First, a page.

Last month it was announced by the government that all schools across New Zealand will have free access to period products from late June. This was a big step in reducing the impact of period poverty and a huge achievement for those who have campaigned for the subsidy for some time. For one organisation in particular it was an incredible accomplishment – introducing Dignity. Founded in 2017 by Miranda Hitchings and Jacinta Gulasekharam, their goal was to help women across the country have access to period products and providing period equity for all.
Here at Emma Lewisham we are incredibly inspired by Miranda and Jacinta’s ambition to provide free period products for the benefit of kiwi workplaces, youth and community groups. With their ‘Buy one, give one’ approach, it means companies can not only provide sanitary items to their staff, but also for those who are lacking access to pads and tampons, causing them to miss out on education, life and work.
We sat down with both Miranda and Jacinta to interview them as part of our Emma Lewisham Changemaker series.
Miranda and Jacinta, could you please tell us a little more about Dignity and why it is changing the game for periods…
In 2016 there was an opportunity to be part of a business bootcamp which Miranda and I signed up to. We went and asked people about a time they'd been caught out by their period and what the hardest part was. The largest frustration was the unfairness that period products weren’t freely available when you most needed them.We saw a gap for a tangible well-being initiative in the workplace to support diversity and needs for people on their period. We didn’t see why period products weren’t just another office consumable, like toilet paper.
At the same time, news reports were beginning to identify that the cost and availability of period products was hindering people from participating in society.
So we developed Dignity, a business that provides period products to businesses who then supply the items freely to their employees; we also give away the equivalent to those without access by supporting schools, youth and community groups.
We launched Dignity NZ in February 2017 and now have a team of four, have provided over 33,000 sustainable period products and have Dignity in 53 workplaces across NZ.
Was there a key moment that made you both aware that period care needed to be more accessible?
When we started our social enterprise with the mission to create access to period products, we saw a story on the news about girls missing out on school and knew immediately that we had to create a sustainable business model to have lasting impact. This story in November 2016 set us on a journey with our Buy-One, Give-One model to where we are today.
Could you please explain the concept of period poverty?
Generally, schools consider period poverty to be the inability to access sanitary items. The key barrier to period poverty is financial, however in some instances cultural and social situations may exacerbate the lack of access.
What is the impact that period poverty can have on New Zealanders, in particular those in schools?
Period poverty is a complex problem that manifests itself in a myriad of ways and the impact of Dignity in schools has been multifaceted. Since the beginning, the reduction of absenteeism has been recorded. During Term 1 2019, 72% of schools mentioned that a core outcome of having free sanitary items meant their students were able to stay in school during their period.Schools noted many implications of period poverty, including:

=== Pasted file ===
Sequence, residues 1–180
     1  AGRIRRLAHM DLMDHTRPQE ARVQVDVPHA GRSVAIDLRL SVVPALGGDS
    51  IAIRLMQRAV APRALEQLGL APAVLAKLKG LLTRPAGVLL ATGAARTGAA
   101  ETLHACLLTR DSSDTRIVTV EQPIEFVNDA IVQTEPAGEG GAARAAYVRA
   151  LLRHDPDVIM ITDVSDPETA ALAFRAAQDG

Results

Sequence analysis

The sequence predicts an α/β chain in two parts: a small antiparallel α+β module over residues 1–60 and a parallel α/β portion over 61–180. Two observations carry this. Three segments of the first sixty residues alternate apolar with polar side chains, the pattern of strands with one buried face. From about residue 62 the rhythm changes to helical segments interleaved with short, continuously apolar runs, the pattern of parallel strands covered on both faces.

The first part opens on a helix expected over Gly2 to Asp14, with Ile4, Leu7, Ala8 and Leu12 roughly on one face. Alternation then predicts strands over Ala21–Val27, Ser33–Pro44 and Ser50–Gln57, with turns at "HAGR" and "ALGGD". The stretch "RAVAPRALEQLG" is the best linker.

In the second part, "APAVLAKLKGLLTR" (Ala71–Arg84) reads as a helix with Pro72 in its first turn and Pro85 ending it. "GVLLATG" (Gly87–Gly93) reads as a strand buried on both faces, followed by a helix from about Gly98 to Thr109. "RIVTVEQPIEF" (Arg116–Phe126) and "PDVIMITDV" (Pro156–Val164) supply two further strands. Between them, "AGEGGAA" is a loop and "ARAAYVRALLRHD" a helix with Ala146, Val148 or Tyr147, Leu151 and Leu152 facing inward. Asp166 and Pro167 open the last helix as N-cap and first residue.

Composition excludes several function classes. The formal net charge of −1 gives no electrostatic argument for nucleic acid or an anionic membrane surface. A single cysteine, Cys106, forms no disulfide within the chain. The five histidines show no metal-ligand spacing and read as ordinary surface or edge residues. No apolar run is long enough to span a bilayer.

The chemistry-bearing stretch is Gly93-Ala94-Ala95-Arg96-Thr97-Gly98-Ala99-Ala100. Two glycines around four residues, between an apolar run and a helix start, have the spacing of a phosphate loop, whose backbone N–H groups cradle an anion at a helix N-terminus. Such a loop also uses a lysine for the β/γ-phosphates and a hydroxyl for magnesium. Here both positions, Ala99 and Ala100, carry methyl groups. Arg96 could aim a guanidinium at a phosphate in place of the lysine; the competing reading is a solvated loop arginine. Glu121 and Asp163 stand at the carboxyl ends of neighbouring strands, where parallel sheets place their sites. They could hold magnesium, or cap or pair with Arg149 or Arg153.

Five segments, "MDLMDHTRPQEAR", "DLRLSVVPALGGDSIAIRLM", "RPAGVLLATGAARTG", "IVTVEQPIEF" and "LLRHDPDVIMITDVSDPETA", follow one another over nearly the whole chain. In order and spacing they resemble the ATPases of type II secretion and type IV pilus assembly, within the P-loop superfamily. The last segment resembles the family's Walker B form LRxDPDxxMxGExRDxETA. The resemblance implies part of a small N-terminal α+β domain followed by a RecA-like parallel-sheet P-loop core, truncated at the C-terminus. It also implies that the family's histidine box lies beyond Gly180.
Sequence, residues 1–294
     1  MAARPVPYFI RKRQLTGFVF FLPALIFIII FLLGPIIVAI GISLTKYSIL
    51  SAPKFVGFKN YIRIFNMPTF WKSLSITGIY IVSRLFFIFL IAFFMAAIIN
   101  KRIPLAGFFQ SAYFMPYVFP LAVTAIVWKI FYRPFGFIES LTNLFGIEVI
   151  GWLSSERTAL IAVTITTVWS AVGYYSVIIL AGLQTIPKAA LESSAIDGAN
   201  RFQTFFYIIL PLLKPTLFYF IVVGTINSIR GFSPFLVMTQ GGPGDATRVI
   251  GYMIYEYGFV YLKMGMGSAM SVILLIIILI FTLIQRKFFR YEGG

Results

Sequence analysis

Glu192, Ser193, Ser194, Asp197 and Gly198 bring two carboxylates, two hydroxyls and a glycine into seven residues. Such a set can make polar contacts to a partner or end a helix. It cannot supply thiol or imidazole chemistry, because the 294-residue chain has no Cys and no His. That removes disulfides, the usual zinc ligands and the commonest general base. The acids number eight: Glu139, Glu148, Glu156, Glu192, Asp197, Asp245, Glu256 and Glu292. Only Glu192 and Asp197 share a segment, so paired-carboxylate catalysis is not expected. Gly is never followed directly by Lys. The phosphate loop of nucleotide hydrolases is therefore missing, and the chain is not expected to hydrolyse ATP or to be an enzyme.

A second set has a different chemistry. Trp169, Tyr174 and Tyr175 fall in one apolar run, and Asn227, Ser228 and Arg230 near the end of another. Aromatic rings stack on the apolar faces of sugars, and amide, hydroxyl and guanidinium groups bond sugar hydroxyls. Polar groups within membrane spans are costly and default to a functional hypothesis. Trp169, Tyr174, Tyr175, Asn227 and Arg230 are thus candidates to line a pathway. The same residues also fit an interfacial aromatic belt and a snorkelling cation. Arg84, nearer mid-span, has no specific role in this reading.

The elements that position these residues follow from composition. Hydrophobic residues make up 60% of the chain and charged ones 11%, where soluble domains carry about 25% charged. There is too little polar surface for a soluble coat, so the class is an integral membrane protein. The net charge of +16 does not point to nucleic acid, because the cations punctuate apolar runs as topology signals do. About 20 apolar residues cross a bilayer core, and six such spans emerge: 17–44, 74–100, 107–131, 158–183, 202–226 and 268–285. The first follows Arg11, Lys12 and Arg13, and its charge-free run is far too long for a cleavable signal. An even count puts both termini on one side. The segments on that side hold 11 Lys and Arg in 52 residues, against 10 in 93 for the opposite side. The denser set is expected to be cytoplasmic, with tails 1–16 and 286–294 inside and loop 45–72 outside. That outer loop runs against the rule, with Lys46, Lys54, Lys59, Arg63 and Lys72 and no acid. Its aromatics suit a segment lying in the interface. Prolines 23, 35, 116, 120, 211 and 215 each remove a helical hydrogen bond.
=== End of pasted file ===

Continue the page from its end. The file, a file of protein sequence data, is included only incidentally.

- Social embarrassment, stress and reduced self-esteem.
- Making-shifting items out of ineffectual products such as toilet paper - increasing the risk of accidents and public bleeding.
- Exacerbating Intergenerational poverty, and other social and gender issues.
- Missing out on education, school sports and social activities during days when students have their period.
- Increased workload from missing school and dealing with the stress associated with ‘catching up’.
Other outcomes of the initiative include:
- 81% felt it reduced feelings of shame for students.
- 87% of schools felt it improved their students’ self-esteem.
- 69% felt it improved their ability to partake in sport.
- Donations resulting in teachers/nurses no longer paying for the items themselves occurred in 85% of schools.
Other anecdotal outcomes:
- Relief and happiness
- Improved cleanliness (not having to use toilet paper as pads)
- Less visits to the school nurse
- Reduced cost to families
While it’s fantastic we have almost half of the schools in NZ signed up to receive free sanitary products, period poverty must extend further than the school demographic. Do you see this as the first step to period care becoming free or subsidised for all in NZ like it has been in Scotland?
Very much a first step! There are thousands of schools in New Zealand ready and eager for this program, we need to see an easy ordering system, stigma free way of accessing products and a range of choice provided before even starting to think about other areas the government can assist with. Eventually, we would love to see them providing sustainable products too (like menstrual cups and period underwear) as the requests for these products is growing. In the meantime we’ll aim to meet the demand for these products to students as best we can.
We also work with other community organisations like Dress for Success,City Missions and libraries (where many displaced people spend time) that provide our gifted period products to people in the community without access.
Our impact data is then shared widely to help with the broader conversation about government intervention. However, it takes time to get government programs rolled out effectively so we are watching this space and also how Scotland implements its wider program.
What are the ways in which we can support Dignity – both on an individual level or encouraging our workplace to get involved?